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Our Story

The Beginning

It all started in 1998 with a newspaper article in The London Sunday Telegraph titled, "Today's offer in Nepal's slave market: buy one get one free." After reading this article and learning about the plight of Nepali kamaiyas (slaves), businessman Marian Noronha made his first trip to Nepal in 1999 with the mission of freeing slaves and their families from their generational bondage and debt. Working alongside two Nepali men in the Far West region, Marian freed seven families in 1999 then thirty-five more families in 2000.


The forty-two redemptions took place in Tikapur, west of Nepalgunj. With the help of many others, Marian purchased land and settled the former kamaiyas in three villages, ViswasNagar (Town of Faith), AshaNagar (Town of Hope), and PremNagar (Town of Love). In July of 2000, the King of Nepal banned slavery and settled thousands of former slaves in government camps called siwirs.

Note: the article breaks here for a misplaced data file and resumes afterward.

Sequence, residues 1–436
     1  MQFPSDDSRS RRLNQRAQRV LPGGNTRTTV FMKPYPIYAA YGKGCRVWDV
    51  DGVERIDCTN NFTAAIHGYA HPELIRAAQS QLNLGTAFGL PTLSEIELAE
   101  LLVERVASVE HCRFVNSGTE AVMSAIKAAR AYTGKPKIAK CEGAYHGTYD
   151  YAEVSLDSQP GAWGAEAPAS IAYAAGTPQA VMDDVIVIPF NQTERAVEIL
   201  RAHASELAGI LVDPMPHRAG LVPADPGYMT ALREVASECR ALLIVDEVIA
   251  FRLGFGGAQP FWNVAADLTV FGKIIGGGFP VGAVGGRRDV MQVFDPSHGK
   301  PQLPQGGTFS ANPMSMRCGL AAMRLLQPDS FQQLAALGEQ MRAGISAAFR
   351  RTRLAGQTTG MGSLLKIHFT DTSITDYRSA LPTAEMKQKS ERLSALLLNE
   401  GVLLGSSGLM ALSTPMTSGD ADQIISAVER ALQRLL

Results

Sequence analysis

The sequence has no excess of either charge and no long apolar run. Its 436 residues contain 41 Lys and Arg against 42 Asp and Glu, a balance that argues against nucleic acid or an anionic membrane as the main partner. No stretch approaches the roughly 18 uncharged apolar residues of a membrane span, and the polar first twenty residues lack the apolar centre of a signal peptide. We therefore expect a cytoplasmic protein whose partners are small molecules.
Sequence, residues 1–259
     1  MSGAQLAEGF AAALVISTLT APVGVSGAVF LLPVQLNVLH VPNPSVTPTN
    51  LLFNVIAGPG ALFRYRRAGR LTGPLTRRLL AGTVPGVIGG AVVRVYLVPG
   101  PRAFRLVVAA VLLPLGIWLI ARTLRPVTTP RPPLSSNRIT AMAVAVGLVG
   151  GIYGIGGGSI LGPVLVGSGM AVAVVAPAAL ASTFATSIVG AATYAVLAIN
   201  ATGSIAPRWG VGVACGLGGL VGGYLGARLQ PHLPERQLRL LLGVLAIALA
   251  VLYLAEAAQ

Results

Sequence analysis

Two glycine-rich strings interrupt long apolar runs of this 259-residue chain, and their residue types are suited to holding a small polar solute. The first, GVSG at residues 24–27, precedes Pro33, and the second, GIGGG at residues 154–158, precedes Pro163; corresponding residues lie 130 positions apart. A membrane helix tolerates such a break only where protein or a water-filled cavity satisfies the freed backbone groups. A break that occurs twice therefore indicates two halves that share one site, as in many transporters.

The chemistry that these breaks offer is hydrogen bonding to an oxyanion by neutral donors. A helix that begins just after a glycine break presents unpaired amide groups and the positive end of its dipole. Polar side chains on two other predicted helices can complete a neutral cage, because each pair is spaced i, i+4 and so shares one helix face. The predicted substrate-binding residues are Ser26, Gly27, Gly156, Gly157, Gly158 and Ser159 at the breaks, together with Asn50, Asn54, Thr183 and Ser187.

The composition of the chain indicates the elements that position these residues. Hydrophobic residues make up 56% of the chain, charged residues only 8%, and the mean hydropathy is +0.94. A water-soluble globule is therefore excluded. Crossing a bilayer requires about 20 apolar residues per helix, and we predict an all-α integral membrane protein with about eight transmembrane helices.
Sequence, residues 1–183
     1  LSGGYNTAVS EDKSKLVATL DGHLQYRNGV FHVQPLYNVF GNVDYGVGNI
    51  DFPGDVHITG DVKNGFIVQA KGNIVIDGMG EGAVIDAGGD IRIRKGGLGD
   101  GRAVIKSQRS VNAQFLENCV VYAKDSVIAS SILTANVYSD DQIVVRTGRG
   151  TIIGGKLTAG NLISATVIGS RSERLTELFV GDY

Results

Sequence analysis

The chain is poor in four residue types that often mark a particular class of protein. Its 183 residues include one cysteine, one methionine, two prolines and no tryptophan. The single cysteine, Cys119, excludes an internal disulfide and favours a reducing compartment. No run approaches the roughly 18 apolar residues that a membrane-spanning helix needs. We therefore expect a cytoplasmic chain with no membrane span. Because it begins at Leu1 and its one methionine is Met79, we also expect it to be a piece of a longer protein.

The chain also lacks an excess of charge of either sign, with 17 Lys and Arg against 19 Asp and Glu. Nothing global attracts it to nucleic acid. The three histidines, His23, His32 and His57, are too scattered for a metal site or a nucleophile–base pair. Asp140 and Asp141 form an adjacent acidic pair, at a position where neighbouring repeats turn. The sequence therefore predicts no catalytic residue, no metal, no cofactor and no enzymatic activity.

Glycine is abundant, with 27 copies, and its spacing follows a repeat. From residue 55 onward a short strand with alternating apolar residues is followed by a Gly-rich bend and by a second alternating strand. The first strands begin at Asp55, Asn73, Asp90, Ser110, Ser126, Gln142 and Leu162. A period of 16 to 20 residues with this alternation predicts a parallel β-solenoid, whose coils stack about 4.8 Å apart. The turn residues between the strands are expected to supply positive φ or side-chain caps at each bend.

Original article from "The London Telegraph." Click on image to read full article

Slave Tally.jpg

Part of the list featured in the video and the page background

A clip from 1999 of Marian redeeming a slave and his family

Present Day

Twenty years later, Bridge to Nepal continues to support former slave communities in Far West Nepal through relationships with our local partners. These dedicated men and women are the true "boots on the ground" who make it all happen. Our major focus areas are schools, serving at risk kids, raised platform buildings in flood affected areas, clean water solutions, and disaster relief. It is our great joy to tell the stories of how lives are being changed through acts of redemption, projects to bring future hope, and the building of relationships.

To read more about a specific area of our work, click here



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